With Plastic Ban Across India Almost Complete, Challenge Shifts to Implementation

On October 2, other than Mizoram and Kerala, almost the whole country has technically banned plastic bags, or plastics in some form or the other. Thus, from here on, failure on the front will be a failure of enforcement and our will to make a difference.

On October 2, the states of Meghalaya and Andhra Pradesh formally announced their bans on plastic, especially plastic bags, joining the rest of the country in the fight against plastic. That leaves out just two holdout states, Mizoram and Kerala, giving each other company as the states yet to announce a formal ban. Even though, both these ecologically sensitive states have taken steps in reducing their dependence on plastics.

Earlier,  The State Government of Bihar had announced that use and distribution of plastic bags in the state will be completely banned in urban Bihar from October 25th and in the rural areas from November 25th. With this Bihar becomes the 26th Indian states/UT to now have some form of ban on polythene carry bags. Earlier this year, we reported that Maharashtra had imposed a complete ban on use of polythene carry bags in the state. And the ban was working, as people took charge of their environment, besides the push from state authorities. Thus, even as it became the last of the large, resistant states to ban, nearly 25,000 tonnes of plastic waste is dumped in the country every day.

Plastic bags will be completely banned in urban areas of Bihar from October 25 and in rural areas from November 25 this year, the state government informed the Patna High Court Monday.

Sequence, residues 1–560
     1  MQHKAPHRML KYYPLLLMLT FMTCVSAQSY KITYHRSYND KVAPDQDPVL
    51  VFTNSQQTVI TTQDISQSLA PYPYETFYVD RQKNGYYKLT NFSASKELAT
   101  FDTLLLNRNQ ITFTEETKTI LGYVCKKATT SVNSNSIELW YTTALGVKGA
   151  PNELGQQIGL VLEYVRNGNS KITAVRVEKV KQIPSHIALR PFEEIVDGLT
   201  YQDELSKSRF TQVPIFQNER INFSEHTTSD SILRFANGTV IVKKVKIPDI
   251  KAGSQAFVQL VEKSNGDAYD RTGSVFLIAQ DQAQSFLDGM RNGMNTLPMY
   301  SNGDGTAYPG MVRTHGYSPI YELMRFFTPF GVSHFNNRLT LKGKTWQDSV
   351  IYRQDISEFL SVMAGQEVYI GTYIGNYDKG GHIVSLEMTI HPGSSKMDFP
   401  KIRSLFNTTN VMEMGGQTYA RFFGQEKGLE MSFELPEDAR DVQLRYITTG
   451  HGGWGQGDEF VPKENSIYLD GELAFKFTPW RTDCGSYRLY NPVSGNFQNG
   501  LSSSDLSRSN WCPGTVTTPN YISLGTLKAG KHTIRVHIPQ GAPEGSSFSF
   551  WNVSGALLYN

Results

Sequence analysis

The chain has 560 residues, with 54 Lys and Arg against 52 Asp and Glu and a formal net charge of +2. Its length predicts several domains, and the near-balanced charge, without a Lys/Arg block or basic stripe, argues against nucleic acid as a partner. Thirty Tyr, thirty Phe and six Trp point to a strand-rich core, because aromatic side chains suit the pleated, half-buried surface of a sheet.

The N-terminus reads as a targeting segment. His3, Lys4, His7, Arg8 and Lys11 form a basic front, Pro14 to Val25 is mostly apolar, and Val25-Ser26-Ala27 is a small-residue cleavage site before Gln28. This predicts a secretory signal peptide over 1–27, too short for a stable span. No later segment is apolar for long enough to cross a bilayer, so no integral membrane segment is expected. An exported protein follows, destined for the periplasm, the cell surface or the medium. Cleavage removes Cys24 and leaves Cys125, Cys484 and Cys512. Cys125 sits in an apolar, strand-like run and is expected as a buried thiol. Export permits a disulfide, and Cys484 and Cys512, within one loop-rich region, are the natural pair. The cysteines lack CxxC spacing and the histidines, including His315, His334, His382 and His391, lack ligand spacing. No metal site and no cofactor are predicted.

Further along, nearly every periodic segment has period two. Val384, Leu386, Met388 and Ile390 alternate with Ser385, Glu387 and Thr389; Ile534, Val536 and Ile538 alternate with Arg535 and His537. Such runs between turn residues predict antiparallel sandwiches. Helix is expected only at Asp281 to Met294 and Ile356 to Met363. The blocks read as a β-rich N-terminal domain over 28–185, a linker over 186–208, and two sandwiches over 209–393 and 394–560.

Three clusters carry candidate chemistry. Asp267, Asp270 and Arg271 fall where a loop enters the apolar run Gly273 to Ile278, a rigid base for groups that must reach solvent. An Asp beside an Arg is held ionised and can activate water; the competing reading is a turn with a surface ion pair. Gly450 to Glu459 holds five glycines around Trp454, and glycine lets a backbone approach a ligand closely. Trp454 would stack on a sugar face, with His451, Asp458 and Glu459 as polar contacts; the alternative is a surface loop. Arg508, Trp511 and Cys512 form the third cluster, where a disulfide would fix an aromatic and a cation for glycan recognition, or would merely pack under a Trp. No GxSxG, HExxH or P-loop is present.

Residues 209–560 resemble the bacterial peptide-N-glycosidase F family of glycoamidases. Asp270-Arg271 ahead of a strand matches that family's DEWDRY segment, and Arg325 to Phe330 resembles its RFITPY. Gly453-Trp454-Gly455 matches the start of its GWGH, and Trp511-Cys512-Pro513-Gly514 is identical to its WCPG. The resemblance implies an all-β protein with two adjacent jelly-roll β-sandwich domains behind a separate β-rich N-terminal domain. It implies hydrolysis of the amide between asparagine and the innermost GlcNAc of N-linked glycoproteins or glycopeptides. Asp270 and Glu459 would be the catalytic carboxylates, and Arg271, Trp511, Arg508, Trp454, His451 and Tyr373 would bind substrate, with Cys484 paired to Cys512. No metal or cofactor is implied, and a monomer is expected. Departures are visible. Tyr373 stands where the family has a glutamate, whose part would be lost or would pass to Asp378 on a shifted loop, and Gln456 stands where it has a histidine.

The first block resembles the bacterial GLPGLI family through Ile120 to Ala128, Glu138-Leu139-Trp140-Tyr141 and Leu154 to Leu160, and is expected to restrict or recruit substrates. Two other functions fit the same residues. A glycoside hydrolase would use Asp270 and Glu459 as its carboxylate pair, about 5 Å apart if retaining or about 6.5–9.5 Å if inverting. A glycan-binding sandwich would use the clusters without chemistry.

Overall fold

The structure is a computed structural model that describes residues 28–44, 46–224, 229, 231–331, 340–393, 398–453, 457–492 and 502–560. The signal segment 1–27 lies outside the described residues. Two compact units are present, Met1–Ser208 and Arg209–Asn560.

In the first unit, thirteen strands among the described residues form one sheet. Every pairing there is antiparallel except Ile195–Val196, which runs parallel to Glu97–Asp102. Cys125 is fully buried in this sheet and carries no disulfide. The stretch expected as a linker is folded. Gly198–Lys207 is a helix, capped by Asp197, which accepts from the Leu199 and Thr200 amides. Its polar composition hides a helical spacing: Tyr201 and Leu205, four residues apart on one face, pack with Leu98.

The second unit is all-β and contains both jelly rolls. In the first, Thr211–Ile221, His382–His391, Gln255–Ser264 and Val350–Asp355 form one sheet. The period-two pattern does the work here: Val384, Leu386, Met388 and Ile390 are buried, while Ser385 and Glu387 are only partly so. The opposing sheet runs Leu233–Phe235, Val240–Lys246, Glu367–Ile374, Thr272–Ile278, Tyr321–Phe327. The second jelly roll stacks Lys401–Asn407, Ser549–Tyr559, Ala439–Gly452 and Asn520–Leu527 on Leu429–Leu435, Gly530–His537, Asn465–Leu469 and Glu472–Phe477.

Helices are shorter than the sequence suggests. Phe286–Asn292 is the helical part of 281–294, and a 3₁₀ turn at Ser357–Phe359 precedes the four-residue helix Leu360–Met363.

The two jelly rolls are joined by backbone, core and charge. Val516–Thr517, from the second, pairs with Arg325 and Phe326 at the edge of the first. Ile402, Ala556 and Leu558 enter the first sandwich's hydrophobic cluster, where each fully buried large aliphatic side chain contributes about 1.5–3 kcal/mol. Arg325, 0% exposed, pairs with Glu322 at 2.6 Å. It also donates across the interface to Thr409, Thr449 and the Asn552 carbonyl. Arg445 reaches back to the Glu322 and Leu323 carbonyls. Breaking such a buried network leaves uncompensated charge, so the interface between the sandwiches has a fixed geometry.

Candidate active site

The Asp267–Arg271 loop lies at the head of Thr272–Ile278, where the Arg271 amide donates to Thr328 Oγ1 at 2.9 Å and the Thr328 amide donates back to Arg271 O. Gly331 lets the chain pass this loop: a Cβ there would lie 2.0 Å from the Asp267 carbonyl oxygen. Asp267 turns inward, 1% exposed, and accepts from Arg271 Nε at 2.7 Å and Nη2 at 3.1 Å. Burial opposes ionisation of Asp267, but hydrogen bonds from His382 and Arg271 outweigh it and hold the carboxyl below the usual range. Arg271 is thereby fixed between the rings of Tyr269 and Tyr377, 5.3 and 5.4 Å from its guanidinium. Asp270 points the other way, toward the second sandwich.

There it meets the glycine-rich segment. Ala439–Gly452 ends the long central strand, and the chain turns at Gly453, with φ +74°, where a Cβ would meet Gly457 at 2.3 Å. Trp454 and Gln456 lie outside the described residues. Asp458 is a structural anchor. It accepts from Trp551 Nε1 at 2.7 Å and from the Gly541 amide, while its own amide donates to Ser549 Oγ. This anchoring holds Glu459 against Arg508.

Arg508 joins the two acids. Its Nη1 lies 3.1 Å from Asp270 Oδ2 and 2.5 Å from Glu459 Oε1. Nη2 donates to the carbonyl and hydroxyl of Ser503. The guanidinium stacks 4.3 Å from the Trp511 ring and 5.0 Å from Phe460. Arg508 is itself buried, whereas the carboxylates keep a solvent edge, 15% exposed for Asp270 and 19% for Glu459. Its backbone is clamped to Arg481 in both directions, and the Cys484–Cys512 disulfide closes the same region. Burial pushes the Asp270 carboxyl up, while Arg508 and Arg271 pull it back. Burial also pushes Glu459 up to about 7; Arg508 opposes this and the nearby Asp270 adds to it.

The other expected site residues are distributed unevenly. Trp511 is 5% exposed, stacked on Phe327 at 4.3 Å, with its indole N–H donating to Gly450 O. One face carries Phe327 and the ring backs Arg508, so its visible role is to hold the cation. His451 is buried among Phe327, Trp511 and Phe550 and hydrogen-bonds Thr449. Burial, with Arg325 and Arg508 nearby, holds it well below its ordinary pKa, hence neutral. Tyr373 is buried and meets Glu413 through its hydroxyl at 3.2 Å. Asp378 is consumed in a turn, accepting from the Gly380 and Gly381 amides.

Lalit Kishore, Advocate General while appearing for the state government in front of a High Court bench of Chief Justice M R Shah and Justice Ashutosh Kumar hearing a PIL for banning the use of plastic or polythene bags and asking the state government to make a law for banning the use of plastic bags along with a provision for penalty for its violators. Kishore informed the bench that, “there will be complete ban on use of plastic bags in any form from October 25 in urban areas, while it will be banned in rural areas from November 25 across the state.”

The court had taken note of a news report in a Hindi daily on June 23 on the pollution in a pond located on the premises of sacred Mahabodhi temple in Gaya. Kishore made it clear that all types of plastic bags, irrespective of their thickness, would be banned in the state from the mentioned dates. Interestingly, in the vast majority of the cases, it has taken a prodding, gentle or hrsh from a high court, for states to move ahead with bans. Which also explains the extremely poor enforcement in most cases, save for a handful of standout examples like Sikkim.  States that have banned partially, like West Bengal, Kerala, Odisha, Telangana etc are still grappling with enforcement in those areas, making a full, effective ban a serious challenge.

The current status of the ban, across states in the union, is as follows:

State/UT Plastic Ban Status
Complete Partial Not Banned
Andhra Pradesh Yes
Arunachal Pradesh Yes State working on implementing a temporary ban, contrary to CPCB reports.
Assam Yes
Bihar Yes To be imposed starting October 25th
Chhattisgarh Yes
Delhi Yes Partially Effective, while most big chain vendors have dropped plastics, the bags still find themselves in distribution, nearly 2 decades after the ban was originally imposed.
Goa Yes Ahead of the curve, ban strictly being imposed.